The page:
Thanks for reading!
Swing by and give this stuff a listen!
We love records!!
Filed under: New Music
Check it – http://www.bullcityrecords.com/newstock.html
Listening to the new Oh Sees LP on In the Red right now. Just got off the first side and I’m still itching with excitement over the fact that this record came in today. Even with the intense anticipation that I let build up around this record (one of my very favorite bands putting out an album on one of my very favorite labels), it’s just what I needed to hear right now.
I’m even catching a buzz just thinking about getting off my ass and flipping this thing over! Pink vinyl?? Yes!! If you have not heard their last LP on Tomlab, The Master’s Bedroom is Worth Spending a Night In, you should probably go out and pick that up right now. Once you’ve listened to it about 5 times today, which you will, return to the same record store and buy the new one, Help, right away. You will feel happier and lighter about your day and you will get a charge on hearing the return of good, new music. Thee Oh Sees blend a spiraling collage out of bouncy 60s garage, reverbed psych moments and a driving, playful rhythm. This album is proving to be a lot more fuzzy garage than the last more spacey garage folk record.
It was basically started as a one-man, lo-fi, basement psych/folk/garage sound project with many layers and freakouts on Narnack Records (OCS), but it has since morphed into a more collaborative effort by some very capable and experimental San Francisco folks (OCS becomes Thee Oh Sees). John Dwyer has been pushing and deconstructing his sounds since his early days on Load Records. Back in the heyday of noise duos (Hella, Lightning Bolt, etc), Dwyer was right on the same page and making noise along side them with his outfit, Pink & Brown. One of my old roommates turned me on to these guys and Dwyer quickly became one of my favorite guitar players. I like noise rock enough, but Pink & Brown had more going on than the usual crowd, I could get behind it a little more – maybe there was a little more structure or rhythm to the drive? a little more hook to the builds? less finger tapping? – I don’t know, but it got me.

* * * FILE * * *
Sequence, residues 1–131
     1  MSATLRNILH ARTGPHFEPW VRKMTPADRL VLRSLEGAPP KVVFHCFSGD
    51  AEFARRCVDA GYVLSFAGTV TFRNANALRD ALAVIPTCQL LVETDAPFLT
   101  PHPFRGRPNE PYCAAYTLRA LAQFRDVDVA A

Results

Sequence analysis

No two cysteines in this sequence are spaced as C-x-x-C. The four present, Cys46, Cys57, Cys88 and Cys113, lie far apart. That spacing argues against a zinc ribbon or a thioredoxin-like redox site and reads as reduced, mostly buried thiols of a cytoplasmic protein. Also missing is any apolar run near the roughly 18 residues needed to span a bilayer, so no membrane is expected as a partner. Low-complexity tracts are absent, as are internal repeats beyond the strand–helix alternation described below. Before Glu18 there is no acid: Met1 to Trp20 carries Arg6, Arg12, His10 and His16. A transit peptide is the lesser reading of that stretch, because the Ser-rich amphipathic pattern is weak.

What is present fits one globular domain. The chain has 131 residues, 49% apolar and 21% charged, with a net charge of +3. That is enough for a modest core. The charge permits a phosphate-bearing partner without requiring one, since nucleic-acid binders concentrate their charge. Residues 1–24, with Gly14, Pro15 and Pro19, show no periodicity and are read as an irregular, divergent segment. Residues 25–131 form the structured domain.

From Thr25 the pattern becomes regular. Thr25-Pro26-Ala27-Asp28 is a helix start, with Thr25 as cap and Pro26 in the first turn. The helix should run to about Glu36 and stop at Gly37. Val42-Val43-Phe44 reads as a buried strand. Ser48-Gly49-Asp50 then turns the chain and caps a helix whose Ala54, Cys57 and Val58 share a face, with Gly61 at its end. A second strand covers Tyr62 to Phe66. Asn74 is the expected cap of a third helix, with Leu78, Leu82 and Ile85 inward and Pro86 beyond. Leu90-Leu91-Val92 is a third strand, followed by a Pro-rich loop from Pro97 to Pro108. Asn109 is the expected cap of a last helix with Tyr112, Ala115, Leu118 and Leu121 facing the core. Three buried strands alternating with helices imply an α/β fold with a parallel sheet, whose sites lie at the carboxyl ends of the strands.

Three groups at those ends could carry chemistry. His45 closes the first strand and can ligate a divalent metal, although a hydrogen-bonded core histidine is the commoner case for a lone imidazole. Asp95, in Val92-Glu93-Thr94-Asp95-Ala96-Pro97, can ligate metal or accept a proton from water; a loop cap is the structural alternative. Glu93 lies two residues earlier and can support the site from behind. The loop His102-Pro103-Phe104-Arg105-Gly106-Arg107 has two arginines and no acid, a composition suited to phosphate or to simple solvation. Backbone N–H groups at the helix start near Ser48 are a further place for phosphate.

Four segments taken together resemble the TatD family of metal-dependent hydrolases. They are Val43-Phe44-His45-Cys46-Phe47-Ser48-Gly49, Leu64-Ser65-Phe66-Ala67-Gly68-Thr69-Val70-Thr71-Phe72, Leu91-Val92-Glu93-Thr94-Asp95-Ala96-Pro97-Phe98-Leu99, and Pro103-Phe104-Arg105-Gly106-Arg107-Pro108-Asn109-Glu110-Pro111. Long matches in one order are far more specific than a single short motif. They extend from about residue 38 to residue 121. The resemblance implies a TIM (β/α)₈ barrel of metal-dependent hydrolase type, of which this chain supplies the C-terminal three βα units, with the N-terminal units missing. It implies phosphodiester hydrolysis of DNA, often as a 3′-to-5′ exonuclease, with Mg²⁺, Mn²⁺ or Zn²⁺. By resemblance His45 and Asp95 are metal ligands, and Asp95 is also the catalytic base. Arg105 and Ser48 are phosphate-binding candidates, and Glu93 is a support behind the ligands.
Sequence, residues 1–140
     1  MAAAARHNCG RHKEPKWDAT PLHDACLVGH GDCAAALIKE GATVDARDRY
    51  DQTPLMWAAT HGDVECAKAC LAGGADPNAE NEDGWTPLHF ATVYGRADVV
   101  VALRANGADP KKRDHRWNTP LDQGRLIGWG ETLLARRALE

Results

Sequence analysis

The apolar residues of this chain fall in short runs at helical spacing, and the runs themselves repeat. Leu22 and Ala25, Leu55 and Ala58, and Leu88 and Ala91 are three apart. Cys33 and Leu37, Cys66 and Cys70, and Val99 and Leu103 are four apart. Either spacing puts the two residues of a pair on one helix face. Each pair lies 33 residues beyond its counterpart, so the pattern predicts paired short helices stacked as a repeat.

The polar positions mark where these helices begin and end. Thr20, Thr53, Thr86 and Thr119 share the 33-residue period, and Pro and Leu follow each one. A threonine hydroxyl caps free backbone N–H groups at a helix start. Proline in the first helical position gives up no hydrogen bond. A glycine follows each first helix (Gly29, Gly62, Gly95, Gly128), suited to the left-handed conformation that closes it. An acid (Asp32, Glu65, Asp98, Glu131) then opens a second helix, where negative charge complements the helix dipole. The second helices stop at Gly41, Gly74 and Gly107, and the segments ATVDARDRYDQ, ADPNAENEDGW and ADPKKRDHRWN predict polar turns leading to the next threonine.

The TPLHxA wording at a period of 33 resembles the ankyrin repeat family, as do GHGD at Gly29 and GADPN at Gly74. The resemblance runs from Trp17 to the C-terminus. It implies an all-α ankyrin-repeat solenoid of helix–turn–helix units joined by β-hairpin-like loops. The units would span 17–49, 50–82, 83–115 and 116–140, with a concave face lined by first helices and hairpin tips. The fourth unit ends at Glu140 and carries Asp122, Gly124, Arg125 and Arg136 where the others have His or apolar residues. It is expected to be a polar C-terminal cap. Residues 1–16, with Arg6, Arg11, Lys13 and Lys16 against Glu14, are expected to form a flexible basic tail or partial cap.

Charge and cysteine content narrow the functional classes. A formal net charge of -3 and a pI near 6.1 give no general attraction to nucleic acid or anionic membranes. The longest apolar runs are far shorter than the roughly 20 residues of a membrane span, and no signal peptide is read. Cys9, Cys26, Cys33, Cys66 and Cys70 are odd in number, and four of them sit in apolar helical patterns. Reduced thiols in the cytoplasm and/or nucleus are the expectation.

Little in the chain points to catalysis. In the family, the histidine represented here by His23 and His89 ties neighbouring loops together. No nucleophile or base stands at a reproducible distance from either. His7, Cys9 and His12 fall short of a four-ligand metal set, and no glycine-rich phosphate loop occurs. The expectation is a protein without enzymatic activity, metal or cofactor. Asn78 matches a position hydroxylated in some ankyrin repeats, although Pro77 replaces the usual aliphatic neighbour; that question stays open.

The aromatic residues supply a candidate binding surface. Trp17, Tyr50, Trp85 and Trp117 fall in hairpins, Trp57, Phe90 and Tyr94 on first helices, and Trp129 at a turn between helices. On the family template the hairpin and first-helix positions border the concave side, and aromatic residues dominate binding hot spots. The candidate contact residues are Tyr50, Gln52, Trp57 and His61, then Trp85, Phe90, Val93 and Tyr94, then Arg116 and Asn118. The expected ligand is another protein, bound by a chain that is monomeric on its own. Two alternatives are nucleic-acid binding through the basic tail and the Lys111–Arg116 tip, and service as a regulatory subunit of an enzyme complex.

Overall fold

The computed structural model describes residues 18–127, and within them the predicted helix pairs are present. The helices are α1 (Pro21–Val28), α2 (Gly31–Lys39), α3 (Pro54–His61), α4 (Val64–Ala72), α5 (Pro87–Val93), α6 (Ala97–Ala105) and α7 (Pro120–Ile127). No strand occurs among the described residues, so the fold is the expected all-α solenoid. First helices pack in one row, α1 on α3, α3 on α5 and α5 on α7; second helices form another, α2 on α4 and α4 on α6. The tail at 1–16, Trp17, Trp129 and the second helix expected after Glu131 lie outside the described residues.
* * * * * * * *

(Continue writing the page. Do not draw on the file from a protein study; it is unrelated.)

From there he crashed into the Coachwhips. Oh man, this beast is one of the catalysts in hooking me on the more noisy, squawly side of garage rock. I was done for after this. This is right about where my sweet, sweet partner-in-crime started disliking my tastes in music. She was also done. Coachwhips combined the squawl, noise and dissonance of Pink & Brown, but crafted it into a maddeningly hooky and primal form of simple rock and roll. It was frill-less and powerful like the Hot Snakes, but artsy and out there enough to really hinge on the experimental wave. Feedback was like another member for the Coachwhips. Your own ears became an active member of the band too if you could hold on and ride the records out. It was amazing. But that didn’t last long.
Now comes Thee Oh Sees. The next public morphing of John Dwyer and his active genius for songwriting. Am I overselling this record? Probably. Some might just see it as another garage record. But like I said before, this album and all of his others have been just what I have needed to hear when I needed to hear it.
Settle back in your favorite chair tonight, get a beer or a cool glass of water and get ready for the waves and layers of warm fuzzy, hooky guitar lines, catchy vocal riffs and all the recording fire that too many bands are missing these days. This LP is psychedelic and weird in the right places and then charges on a riff right when you’ve locked in and are starting to get comfortable.
Filed under: New Music
On April 28th, the new Sonic Youth album started streaming for those who have bought the pre-order of the album. Matador Records has been offering early incentive to pre-order at local indie shops (called BEGN – Buy Now, Get Early) in which case, if you buy it early – you get to listen to the album starting now, you get exclusive mp3s, an exclusive live LP from a couple years back and a rad poster. Pretty tempting, no? I love Matador for thinking something like this up. It’s early promotion for the label and the album and it highly supports brick-and-mortar indie shops.